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31

When a player is hogging the limelight like this, the way to deal with the situation is to stop encouraging them. The player is getting their fun by having everyone's attention focused on them (see this question for a similar situation). (This isn't a bad thing, by the way! It just means you have to make sure that the rest of the group gets their fun, too.) ...


26

As Marshall said, you need to find out why John takes so long to choose an action. There are several possible reasons, and each calls for slightly different handling. 1. John is nervous, shy, or otherwise has trouble speaking unless prompted. In this case, the best thing you can do is to have a set of verbal prompts to help him convey his actions quickly. ...


21

Well, Rope Trick descriptions reads as follow: The upper end is, in fact, fastened to an extradimensional space that is outside the multiverse of extradimensional spaces (“planes”). Well, what is an "extradimensional space" then? A number of spells and magic items utilize extradimensional spaces, such as rope trick, a bag of holding, a handy ...


21

Fiction First Hi Marc. You are running into one of the differences between rules-first systems and fiction-first systems. Fiction-first means that the rules serve the story unfolding between the players: When something happens in the story that matches a trigger condition in the rules, the mechanics engage and the results feed back into the story. Outside ...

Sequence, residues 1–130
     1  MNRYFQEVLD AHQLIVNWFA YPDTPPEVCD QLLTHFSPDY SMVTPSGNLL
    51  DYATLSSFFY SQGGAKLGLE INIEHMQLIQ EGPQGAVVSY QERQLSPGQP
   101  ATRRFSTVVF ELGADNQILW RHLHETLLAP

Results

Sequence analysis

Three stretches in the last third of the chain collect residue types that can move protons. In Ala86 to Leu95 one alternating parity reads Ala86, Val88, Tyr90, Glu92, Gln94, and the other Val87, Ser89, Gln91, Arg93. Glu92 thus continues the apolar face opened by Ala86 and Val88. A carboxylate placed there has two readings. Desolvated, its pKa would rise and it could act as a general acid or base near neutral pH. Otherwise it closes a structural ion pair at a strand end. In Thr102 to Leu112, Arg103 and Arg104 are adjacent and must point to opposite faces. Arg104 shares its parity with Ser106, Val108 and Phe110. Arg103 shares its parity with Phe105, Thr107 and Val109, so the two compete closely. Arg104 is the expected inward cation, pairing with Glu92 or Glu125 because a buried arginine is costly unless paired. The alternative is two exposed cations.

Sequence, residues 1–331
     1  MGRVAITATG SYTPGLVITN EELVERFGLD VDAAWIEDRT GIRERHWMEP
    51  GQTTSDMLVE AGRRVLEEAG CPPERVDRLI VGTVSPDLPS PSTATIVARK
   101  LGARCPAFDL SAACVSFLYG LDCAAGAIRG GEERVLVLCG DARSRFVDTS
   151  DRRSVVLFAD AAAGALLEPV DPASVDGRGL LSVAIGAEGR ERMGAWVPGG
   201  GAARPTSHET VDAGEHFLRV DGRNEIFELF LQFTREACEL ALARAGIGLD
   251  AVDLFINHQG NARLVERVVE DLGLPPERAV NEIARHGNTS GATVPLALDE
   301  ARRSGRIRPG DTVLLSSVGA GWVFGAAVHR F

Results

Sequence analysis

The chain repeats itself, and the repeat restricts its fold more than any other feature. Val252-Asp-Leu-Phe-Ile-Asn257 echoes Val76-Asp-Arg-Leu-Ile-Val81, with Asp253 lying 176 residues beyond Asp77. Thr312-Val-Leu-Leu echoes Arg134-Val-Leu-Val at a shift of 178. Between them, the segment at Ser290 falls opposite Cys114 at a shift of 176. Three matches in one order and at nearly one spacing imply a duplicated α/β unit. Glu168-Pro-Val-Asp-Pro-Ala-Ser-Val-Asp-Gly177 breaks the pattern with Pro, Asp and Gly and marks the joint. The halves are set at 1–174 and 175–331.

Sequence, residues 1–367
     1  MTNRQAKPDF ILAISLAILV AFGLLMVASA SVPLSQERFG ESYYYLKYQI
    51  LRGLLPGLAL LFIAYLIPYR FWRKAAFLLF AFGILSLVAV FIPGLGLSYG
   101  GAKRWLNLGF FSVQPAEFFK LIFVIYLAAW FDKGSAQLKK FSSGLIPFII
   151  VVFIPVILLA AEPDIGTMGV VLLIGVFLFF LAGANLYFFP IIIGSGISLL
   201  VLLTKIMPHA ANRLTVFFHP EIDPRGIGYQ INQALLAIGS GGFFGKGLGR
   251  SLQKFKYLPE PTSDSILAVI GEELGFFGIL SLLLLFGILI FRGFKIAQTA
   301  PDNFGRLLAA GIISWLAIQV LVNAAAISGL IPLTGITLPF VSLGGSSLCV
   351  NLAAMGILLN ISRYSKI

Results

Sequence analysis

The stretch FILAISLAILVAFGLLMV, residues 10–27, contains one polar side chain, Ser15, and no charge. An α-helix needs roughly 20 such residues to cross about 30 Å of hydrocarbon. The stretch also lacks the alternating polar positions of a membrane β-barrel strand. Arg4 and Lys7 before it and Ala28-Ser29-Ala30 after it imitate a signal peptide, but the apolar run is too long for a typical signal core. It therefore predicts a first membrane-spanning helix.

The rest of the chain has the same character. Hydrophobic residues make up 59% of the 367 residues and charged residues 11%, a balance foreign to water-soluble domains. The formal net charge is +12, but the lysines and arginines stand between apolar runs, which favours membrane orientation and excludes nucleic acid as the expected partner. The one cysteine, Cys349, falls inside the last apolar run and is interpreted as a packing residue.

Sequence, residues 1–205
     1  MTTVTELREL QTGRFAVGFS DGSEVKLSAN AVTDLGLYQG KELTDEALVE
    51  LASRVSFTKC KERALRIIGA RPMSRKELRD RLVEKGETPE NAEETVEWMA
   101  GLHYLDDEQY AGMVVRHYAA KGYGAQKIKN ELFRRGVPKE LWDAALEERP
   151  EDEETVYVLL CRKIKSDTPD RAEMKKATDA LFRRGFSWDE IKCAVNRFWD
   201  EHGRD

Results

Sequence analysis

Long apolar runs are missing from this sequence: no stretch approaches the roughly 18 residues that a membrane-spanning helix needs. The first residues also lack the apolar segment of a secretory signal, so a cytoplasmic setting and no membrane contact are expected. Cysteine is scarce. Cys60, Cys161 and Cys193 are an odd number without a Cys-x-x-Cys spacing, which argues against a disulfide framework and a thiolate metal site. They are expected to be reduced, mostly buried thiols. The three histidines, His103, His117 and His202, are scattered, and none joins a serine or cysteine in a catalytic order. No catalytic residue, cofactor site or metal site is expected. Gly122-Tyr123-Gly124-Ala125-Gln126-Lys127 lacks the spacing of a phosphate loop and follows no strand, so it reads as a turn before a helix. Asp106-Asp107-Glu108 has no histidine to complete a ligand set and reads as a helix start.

20

In Pathfinder, you take actions on your turn. Normally, everyone gets a turn in each round. So in a one-on-one situation, you will take a turn, and your opponent will take a turn, and both together make up a single round. You will get ten turns before the spell expires, one in each round. You’d get the same ten turns in the ten-man brawl; everyone gets one ...


20

First of all, you don't need any rules precedent to integrate time travel into your campaign, as D.M. its your prerogative to add any feature into your world that you please. That being said, there is some precedent that is applicable in this situation! In the source book The Plane Above - The Secrets of the Astral Sea we get a direct, although short, ...


19

According to the traditional summoner's eidolon class feature, this isn't a problem unless the GM says it is... The traditional Pathfinder summoner's eidolon class feature says that A summoner begins play with the ability to summon to his side a powerful outsider called an eidolon. The eidolon forms a link with the summoner, who, forever after, summons ...


18

Yes, combat is supposed to be this quick. Caveat: Since you are at low levels, and both monsters/party have low hit points, you may find that this changes. That will be determined by the complexity of the challenge you present to the party, how smart the enemy is, as well as how many minions are there. The difference between a running battle or a static ...


17

So you only have enough time for either finishing off the adventure, or dealing with random encounters, but not both. Therefore any solution requires spending very little time. Simple Narration One acceptable way to handle it seems to be to narrate it away. It's entirely legitimate to narrate their travel through the wilderness and cut to the chase, so to ...


17